Enterprise users have different reasons and preferences for deciding between shared and dedicated resources in the cloud. But most shouldn’t be making those decisions based on the infrastructure, but based on the application that they’re trying to run, execs at GigaOM’s Structure conference said.
Earlier this week, cloud provider GoGrid announced that founder and original CEO John Keagy is leaving that post and transitioning into a new role, a decision Keagy told me this morning is the result of the company growing too fast.
GoGrid CEO John Keagy wrote on his blog yesterday that when it comes cloud computing, things such as cheap hydroelectric power and massive-scale data centers are overrated. His theory doesn’t make sense for every cloud provider, but he does make some good points.
Amazon Web Services and GoGrid both made some significant strides this week toward addressing digital-rights management issues. Neither feature is particularly sexy by cloud computing standards, but both are very necessary for bringing certain user and software-vendor communities into the fold.
Cloud provider Tier3 announced this morning that it has secured $8.5 million from Ignition Capital and Madrona Venture Group to fund its “enterprise platform-as-a-service” offering, a term that might not be entirely accurate, but that might actually be indicative of a forthcoming trend in cloud marketing.
As Amazon Web Services continues to roll out new features and services for its cloud platform, its competitors increasingly tout better performance as a key point of differentiation, which has me wondering if either approach — more features or better performance — will clearly win out.
Amazon Web Services needed to develop its own flavor of PaaS, the cleverly named Elastic Beanstalk, to keep up with cloud development trends, but that doesn’t mean the rest of its IaaS brethren need to follow suit – at least not in the immediate future.
Cloud provider GoGrid has expanded its Infrastructure-as-a-Service catalog by launching a Hosted Private Cloud that maintains all the features multitenant clouds, but on dedicated physical servers. It’s an interesting tactic, and it highlights the different value propositions and visions of the leading cloud providers.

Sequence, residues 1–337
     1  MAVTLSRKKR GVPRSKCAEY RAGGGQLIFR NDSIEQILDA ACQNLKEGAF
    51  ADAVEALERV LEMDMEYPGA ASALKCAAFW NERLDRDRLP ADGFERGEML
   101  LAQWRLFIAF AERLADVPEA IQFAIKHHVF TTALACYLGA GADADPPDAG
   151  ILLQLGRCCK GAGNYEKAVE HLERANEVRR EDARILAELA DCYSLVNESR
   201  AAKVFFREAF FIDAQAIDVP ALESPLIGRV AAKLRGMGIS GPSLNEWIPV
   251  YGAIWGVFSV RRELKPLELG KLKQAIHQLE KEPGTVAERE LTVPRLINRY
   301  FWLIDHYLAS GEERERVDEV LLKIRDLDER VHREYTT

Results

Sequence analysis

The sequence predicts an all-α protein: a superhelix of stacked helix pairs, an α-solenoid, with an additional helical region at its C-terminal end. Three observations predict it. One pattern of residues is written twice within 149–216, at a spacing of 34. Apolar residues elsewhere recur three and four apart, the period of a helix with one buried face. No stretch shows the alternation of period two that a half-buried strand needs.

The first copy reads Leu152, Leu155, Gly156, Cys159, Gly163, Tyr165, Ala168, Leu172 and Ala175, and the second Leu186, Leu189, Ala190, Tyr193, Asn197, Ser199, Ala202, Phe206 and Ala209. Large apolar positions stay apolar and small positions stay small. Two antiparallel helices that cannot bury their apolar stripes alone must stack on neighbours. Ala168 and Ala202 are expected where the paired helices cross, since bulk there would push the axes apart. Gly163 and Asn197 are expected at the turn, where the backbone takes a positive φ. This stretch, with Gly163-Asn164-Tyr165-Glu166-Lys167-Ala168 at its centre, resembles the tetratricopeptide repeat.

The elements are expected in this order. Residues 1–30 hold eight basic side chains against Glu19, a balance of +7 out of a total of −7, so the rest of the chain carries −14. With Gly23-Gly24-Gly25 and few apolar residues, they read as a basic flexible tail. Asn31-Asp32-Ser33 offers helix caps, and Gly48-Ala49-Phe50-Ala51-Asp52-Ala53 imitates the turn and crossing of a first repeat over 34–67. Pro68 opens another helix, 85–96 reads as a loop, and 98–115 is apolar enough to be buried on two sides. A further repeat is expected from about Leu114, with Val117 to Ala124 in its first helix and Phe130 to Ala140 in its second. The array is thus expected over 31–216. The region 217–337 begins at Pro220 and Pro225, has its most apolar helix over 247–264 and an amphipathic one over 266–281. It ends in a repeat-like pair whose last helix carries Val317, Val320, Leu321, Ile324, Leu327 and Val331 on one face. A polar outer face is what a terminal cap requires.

Customers who ordered a Viliv X70 UMPC from retailer Dynamism have received emails informing them of a delivery delay. Dynamism cites a component shortage by the manufacturer, Viliv, as the reason for the delay. That doesn’t provide much comfort for those anxiously awaiting the arrival of their UMPC, but we can assume the UMPC revival is solid if components are in short supply. Those who are waiting delivery of their new X70 can watch our video review of the UMPC to see what they are missing:
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Yesterday I wrote almost 1,000 words on Microsoft’s Azure platform, but I think this video does a good job explaining the basics without all that pesky reading. Steve Marx, who works for Microsoft (s msft), pulled together a video in what I would call the “whiteboard genre” that explains not only Azure, but the basics of any platform as a service. It’s cute, and inspired me to compile a couple of other cloud-related videos, featuring gems such as IBM’s (s ibm) biography of a beekeeper who founded cloud computing, or this nice overview from HighTechDad (who also works for GoGrid, a cloud computing provider.) Any other favorites out there?